The local elections of 1853 saw a tragic incident in which a policeman was stabbed to death when he intervened in a row between a canvasser and a man in a pub.
On the 1st November of that year an election took place in Vauxhall ward and candidate Jonathan Evans arranged to meet a voter at Shaw's public house in Scotland Road. While he was waiting 19 year old Thomas Copeland, who was a well known neighbourhood ruffian, came in and demanded Evans buy him beer.
After Evans refused Copeland threatened him with violence and some of his associates, on hearing the commotion, began to gather around the pub entrance. Evans got away and headed for Marybone, where he found a policeman that returned to the pub to deal with the small crowd who had gathered. On being told to disperse they did, with the exception of Copeland who told Evans he was going to break his skull and also threatened the landlady, refusing to leave until he was given 4 pints of ale.
When more officers arrived Evans punched one of them on the head and then fled towards Cavendish Street, where he lodged in a court. Two constables and an inspector went inside and arrested Copeland, but as he was being led away he managed to stab one of them, Richard Sunderland, in the thigh. With blood streaming out of the wound, Sunderland said 'The Lord Receive My Soul' before collapsing. He was carried to the dispensary in Rose Hill but was dead within ten minutes, the femoral artery having been severed.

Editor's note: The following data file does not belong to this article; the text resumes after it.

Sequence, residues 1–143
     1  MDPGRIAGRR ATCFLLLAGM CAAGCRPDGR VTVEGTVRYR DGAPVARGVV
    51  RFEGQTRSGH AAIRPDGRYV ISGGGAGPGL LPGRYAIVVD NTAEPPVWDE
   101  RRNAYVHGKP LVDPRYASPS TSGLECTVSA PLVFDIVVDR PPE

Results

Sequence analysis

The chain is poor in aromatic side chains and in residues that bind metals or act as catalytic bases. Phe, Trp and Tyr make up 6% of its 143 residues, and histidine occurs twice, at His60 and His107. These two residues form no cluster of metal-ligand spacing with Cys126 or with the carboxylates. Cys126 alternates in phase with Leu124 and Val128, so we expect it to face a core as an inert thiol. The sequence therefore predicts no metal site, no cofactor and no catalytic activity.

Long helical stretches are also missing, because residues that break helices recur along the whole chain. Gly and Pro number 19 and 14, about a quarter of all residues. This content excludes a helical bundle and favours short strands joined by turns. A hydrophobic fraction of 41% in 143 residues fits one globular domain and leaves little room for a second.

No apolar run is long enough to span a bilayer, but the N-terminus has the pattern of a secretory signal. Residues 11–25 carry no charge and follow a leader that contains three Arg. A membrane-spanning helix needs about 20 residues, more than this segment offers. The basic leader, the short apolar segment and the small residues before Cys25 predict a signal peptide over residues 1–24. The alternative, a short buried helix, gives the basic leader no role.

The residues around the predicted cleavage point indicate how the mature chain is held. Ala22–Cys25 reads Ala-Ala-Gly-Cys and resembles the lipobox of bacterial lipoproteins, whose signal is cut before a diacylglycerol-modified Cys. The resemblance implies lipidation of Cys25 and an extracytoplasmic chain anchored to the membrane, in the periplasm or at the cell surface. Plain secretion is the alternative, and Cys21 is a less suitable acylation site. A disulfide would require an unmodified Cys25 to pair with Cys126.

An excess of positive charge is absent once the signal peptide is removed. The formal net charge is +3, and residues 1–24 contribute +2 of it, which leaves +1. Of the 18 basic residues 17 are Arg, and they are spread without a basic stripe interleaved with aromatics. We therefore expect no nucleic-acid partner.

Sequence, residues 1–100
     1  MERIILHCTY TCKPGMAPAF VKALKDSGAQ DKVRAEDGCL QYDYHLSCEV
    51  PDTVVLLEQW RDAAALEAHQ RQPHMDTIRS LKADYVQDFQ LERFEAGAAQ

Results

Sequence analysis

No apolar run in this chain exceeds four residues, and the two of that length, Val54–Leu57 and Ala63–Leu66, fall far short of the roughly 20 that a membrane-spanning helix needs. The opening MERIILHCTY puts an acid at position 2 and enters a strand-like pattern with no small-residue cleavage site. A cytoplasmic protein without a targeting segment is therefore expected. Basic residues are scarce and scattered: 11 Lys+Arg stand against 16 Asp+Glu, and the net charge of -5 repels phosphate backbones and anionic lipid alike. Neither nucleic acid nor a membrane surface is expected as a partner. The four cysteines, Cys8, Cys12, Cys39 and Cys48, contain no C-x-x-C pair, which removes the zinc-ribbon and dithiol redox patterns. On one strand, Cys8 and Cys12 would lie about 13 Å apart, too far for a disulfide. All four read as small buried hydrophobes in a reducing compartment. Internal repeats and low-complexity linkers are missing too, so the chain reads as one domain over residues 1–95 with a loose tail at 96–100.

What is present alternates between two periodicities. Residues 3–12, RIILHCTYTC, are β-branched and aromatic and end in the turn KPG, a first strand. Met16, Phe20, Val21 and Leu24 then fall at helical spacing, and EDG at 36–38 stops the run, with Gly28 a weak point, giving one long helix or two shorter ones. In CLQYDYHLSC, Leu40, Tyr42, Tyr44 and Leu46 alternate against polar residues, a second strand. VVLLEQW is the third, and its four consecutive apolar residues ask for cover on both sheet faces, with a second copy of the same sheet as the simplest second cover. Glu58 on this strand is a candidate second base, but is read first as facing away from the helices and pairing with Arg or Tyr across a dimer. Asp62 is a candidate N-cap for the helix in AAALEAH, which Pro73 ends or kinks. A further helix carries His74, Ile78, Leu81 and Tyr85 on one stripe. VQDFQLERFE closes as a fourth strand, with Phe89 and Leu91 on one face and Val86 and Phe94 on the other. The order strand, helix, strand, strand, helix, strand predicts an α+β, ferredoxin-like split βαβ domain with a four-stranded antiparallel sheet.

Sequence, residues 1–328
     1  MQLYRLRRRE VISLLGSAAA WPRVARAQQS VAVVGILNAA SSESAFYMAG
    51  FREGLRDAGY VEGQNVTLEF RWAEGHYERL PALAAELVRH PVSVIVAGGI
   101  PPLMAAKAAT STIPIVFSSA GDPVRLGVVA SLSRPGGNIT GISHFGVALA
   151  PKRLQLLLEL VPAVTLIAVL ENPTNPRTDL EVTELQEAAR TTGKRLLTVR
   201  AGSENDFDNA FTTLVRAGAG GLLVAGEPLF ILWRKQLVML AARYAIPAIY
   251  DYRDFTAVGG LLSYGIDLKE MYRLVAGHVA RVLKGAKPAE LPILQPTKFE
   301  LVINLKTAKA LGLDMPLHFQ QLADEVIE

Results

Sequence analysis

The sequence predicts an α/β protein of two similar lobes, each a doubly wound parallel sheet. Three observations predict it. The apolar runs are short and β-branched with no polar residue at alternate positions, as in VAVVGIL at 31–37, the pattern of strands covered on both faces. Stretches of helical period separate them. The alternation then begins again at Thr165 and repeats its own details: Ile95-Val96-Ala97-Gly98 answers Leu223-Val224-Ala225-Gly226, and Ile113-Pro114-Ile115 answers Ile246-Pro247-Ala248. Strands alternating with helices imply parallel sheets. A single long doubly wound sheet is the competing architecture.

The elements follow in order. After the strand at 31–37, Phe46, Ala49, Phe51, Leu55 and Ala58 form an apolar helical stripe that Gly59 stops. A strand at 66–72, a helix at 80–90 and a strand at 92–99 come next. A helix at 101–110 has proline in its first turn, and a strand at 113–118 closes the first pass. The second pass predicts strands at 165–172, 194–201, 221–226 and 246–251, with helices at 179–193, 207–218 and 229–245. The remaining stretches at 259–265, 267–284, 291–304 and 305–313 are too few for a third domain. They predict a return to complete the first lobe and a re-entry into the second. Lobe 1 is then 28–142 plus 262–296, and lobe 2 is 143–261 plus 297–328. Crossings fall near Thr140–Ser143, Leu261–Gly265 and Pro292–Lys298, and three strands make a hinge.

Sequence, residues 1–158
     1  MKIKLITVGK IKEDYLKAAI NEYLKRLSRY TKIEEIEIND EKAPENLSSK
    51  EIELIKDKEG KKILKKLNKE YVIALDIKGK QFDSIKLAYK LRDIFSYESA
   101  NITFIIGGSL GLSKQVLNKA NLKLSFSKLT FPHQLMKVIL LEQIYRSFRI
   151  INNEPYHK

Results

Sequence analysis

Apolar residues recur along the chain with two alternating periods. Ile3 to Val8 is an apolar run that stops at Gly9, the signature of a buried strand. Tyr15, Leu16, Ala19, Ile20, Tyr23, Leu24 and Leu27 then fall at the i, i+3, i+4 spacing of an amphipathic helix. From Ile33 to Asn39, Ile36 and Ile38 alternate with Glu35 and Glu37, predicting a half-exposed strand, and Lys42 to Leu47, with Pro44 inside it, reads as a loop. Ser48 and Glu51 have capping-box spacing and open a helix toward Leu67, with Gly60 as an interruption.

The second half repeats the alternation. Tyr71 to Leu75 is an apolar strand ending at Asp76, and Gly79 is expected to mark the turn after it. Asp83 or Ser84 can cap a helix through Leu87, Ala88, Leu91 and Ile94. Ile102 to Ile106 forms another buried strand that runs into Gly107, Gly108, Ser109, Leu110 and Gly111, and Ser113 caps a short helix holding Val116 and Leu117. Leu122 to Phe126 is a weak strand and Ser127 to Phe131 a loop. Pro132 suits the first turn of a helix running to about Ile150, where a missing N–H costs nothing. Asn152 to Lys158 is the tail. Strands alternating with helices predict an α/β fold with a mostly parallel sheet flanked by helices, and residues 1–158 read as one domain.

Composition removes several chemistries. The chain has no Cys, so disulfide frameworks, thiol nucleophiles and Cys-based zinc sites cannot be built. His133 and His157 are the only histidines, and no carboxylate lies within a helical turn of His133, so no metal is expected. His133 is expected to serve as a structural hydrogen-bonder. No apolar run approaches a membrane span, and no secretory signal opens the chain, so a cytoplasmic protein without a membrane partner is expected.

With Copeland under arrest, officers returned into his lodgings and found his sister casually washing a knife. His landlady said that after he had entered the property with the officers in pursuit, he had picked up a knife from the table and put it in his pocket.
At the inquest the following day, it was revealed that Sunderland left a wife and two young children. It was also stated by Superintendent Ryde that associates of Copeland had already been threatening witnesses to the crime. Copeland's sister's claim that she was washing a different knife to the murder weapon was immediately seized upon by the Coroner, who said he preferred disputes to be settled by a stand up fight rather than butchering by a knife.
After a verdict of wilful murder was returned, Copeland was committed for trial at the Lancashire Winter Assizes, where he appeared before Judge Baron Alderson on 8th December. Witnesses told how Copeland had ran into the court shouting he'd rip the officers and also that he had been seen to throw the knife over his shoulder shortly before Sunderland fell down. Among them was 8 year old Mary York, who saw Copeland take the knife from the table and also inflict the fatal thrust, which was three inches deep.
There was little point in Copeland trying to say he hadn't carried out the stabbing, so it was a case of going for damage limitation. It was pointed out that the police had no right to enter the property without a warrant for the type of offence committed, and also that there was no premeditation as he grabbed the knife in the heat of the moment. After an hour and a half's deliberation, the jury returned a verdict of manslaughter.
Baron Alderson told Copeland he was fortunate that the jury had found him guilty of the lesser offence, but that it was still one of great aggravation. He had already served three months in gaol for stabbing his brother but this time there was to be no leniency, as Alderson sentenced him to be 'transported beyond the seas for the term of his natural life.' There were some cries of support which were quickly quashed and Copeland then had to wait sixteen months for his voyage. After eight months on the Adelaide, he finally landed at Western Australia on 16th December 1855.